Not so long ago I spent an afternoon listening to a half-dozen entrepreneurs hawk their ideas for new companies. The event was called a pitch day, and it had an American Idol feel. The presenters stood before massive power point displays in the cavernous auditorium of a converted warehouse, spinning their best stories of why their concepts would attract the most eyeballs, customer subscriptions, or advertising attention. Each wanted to launch a fast-growing business – the next tech rocket ship – and made their case to the judges, a collection of investors spread in front of the makeshift stage in neat rows of plastic chairs. Winning meant the entrepreneurs got a little extra cash, fuel for their rockets, and a chance to turn their concepts into real startups.
The presenters had been honing their pitches for weeks, seeking that right combination of words, images, and dramatic delivery that might persuade the investors to pick them. The event was glitzy. The pitches slick. But the substance?
Of the six proposals, each could be boiled down to “the next” (fill in the blank with Facebook, Twitter or Google) for (fill in the blank with a sliced-up market segment). Each was a derivative concept meant to piggyback in some way off the platforms created by more ambitious entrepreneurs who came before them. These ideas were less about originality than they were about exploiting market niches that were not yet the focus of the platform companies. There was not much stretching for greatness.
This is not necessarily a bad thing. Commerce has long thrived on tweaking others’ ideas, but at some point it seems someone has to push forward the vision thing. I believe it was frustration with a lack of startup imagination that prodded Bruce Gibney of the Founders Fund to pen this missive in April 2011. He called it What Happened to the Future? and attached this brilliant subtitle: We wanted flying cars, instead we got 140 characters. From that letter:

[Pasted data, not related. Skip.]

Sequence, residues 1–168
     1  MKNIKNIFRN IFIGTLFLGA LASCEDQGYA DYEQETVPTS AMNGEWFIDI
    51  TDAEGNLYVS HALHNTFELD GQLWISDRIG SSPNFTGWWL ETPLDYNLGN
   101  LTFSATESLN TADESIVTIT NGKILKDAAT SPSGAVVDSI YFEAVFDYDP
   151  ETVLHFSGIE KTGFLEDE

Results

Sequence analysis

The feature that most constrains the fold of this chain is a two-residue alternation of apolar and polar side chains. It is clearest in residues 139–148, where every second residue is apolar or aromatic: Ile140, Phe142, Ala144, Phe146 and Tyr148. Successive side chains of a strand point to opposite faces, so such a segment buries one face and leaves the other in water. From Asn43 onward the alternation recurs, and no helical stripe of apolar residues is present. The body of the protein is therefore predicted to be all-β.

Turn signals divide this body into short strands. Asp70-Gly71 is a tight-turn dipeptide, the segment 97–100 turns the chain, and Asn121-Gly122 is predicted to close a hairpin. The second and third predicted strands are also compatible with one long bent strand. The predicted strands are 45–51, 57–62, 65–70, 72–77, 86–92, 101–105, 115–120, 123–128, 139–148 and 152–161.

The future envisioned from the perspective of the 1960s was hard to get to, but not impossible, and people were willing to entertain the idea. We now laugh at the Nucleon [a nuclear-powered car] and Pan Am to the moon while applauding underpowered hybrid cars and Easyjet, and that’s sad. The future that people in the 1960s hoped to see is still the future we’re waiting for today, half a century later. Instead of Captain Kirk and the USS Enterprise, we got the Priceline Negotiator and a cheap flight to Cabo.
It’s not a huge surprise why the pitch day ideas were so ho-hum. The entrepreneurs are running towards the money. Venture capital as an industry is more interested in backing the thing that seems most likely to get acquired (and thereby provide quick returns on their capital) than in backing bold bets. That makes sense. We need it. But we also need capital that backs the bold ideas. We need capital for the bets that might take years and years before paying out. I applaud Bruce Gibney and his colleagues at the Founders Fund for attempting to play that role. I applaud Google’s X labs for working on their own initiatives to change the world. My hope is that they prod more investors to take a long-term perspective.
When capital makes itself available for bold ideas, I expect we’ll see entrepreneurs tap into their more creative impulses. I expect we’ll see pitches that will bring promise of this future we’ve been waiting for.